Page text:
It is based on the Shtokavian dialect, allows both Western and Eastern spoken variants, and uses both the Latin and Cyrillic alphabet. Differences from other versions include phonetic transcription of foreign names.
Serb literature emerged in middle ages, and included such works as Miroslavljevo jevandjelje (Gospel of Miroslav) in 1192 and Dušanov zakonik (Dušan's code). Little of secular medieval literature is preserved to date but what is shows that it was in accord with its time, for example,Serbian Alexandride, a book about Alexander the Great and a translation of Tristan and Isolde to Serbian.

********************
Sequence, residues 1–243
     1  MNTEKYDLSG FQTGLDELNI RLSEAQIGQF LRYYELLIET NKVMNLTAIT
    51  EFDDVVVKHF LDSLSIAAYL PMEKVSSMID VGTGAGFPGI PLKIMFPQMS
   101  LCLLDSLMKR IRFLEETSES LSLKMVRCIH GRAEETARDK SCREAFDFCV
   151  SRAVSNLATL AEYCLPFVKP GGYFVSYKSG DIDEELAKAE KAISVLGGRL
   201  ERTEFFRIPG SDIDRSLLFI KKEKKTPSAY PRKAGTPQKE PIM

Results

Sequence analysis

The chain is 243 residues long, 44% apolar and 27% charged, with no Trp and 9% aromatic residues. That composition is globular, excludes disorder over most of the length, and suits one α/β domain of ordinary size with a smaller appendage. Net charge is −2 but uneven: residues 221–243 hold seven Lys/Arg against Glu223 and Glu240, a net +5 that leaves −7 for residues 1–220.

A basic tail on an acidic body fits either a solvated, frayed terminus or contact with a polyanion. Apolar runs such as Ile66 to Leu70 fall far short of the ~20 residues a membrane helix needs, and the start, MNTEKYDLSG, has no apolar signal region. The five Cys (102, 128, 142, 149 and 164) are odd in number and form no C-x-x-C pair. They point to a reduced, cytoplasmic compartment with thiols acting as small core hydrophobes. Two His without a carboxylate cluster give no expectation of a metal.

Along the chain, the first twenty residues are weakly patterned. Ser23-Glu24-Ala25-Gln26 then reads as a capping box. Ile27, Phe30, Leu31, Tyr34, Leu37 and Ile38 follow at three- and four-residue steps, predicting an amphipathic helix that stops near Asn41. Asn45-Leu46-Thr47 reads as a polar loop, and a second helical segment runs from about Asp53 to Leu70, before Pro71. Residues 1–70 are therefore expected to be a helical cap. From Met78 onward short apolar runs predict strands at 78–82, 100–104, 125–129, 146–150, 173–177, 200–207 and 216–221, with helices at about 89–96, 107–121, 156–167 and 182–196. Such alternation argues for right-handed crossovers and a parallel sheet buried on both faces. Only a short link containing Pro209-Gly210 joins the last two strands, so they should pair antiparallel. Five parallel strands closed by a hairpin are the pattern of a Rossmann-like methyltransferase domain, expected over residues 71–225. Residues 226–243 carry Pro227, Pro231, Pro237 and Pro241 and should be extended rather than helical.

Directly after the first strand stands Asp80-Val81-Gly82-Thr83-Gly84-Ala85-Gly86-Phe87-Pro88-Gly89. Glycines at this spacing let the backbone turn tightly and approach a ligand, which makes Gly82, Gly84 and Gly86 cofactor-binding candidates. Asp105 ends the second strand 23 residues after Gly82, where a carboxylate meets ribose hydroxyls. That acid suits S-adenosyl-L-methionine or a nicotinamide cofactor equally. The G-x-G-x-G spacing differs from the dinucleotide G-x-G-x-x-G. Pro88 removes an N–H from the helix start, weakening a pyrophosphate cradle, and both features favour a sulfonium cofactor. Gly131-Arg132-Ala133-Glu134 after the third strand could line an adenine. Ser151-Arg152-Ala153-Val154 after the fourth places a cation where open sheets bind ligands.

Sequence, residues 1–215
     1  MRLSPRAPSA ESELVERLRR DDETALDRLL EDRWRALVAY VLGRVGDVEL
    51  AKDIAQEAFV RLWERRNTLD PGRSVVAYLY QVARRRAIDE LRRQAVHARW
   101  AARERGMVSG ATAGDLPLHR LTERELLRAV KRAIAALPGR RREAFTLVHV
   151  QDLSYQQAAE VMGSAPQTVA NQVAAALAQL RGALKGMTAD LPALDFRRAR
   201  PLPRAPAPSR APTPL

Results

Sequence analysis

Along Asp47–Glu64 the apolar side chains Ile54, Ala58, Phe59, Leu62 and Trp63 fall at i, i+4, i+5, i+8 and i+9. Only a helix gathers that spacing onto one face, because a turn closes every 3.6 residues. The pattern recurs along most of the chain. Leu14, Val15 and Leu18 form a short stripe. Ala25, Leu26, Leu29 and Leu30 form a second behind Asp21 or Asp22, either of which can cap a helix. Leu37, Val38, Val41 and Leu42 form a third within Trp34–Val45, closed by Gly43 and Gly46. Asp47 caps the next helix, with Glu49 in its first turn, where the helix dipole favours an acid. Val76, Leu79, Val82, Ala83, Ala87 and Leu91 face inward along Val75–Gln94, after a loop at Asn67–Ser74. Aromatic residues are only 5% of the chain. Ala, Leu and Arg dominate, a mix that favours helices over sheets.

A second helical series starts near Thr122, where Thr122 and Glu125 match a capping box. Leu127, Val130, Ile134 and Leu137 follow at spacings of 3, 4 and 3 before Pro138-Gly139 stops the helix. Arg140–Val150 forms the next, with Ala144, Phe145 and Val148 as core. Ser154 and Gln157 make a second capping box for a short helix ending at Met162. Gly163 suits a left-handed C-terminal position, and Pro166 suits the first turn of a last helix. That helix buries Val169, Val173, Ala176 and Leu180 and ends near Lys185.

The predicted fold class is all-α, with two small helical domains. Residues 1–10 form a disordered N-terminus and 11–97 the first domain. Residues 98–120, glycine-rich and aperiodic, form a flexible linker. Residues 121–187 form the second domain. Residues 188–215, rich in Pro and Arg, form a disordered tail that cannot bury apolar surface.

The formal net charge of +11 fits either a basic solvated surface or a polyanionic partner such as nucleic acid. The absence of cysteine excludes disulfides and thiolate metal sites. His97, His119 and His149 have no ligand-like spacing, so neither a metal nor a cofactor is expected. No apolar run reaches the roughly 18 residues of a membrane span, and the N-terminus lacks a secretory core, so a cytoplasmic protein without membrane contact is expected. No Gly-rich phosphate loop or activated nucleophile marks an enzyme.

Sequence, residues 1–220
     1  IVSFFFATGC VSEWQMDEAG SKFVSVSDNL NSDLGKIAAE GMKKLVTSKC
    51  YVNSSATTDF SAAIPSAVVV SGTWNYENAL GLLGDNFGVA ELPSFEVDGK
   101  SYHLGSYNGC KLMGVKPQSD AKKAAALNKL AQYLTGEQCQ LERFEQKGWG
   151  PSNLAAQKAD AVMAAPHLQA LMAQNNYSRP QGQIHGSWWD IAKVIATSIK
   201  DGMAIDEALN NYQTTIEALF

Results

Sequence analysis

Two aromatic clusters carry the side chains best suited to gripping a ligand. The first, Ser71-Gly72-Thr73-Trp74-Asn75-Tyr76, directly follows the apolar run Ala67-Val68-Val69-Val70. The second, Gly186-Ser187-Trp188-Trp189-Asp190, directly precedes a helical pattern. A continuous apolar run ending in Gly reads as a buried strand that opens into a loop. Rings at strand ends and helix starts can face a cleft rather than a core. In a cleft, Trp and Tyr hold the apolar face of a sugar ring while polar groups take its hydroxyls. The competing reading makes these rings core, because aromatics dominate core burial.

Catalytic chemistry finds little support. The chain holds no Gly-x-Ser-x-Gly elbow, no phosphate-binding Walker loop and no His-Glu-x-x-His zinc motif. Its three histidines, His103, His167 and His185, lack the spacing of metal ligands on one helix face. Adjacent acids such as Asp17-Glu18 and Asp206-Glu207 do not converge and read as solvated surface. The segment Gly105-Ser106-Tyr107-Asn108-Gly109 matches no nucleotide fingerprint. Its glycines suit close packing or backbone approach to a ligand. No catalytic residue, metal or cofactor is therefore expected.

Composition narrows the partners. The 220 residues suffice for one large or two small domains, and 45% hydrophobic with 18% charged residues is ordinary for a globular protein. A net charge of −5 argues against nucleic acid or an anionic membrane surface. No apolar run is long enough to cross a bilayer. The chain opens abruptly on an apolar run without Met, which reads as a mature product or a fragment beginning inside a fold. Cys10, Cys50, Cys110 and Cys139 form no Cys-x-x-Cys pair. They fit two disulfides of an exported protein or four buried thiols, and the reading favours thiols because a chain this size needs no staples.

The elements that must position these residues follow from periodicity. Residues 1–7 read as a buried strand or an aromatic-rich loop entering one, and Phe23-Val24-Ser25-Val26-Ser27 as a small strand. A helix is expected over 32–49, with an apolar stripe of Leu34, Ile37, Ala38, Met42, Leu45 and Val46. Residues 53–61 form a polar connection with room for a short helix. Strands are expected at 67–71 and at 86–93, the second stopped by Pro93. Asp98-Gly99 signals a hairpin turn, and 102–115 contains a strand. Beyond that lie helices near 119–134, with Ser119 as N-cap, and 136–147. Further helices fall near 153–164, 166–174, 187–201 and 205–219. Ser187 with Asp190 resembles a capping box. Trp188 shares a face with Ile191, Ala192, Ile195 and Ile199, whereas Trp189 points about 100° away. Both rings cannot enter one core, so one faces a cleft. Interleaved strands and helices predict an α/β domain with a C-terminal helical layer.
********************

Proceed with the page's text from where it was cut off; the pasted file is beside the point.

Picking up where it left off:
At the end of 14th century, Serbia was conquered by the Ottoman Empire and for the next 400 years there was no possibility for creation of secular written literature. However, some of greatest literary works in Serbian come from this time in form of oral literature, its most notable form being Serbian epic poetry; it is known that Goethe was learning Serbian language because he wanted to read Serbian epic poetry in original. Written literature was produced only for religious uses in churches and monasteries, which held to Old Church Slavonic and, by the end of 18th century, the written literature became estranged from the spoken language. In early 19th century Vuk Stefanović Karadžić reformed the cyrillic alphabet by introducing the phonetic principle, as well as promoted the spoken language of the people into literary norm.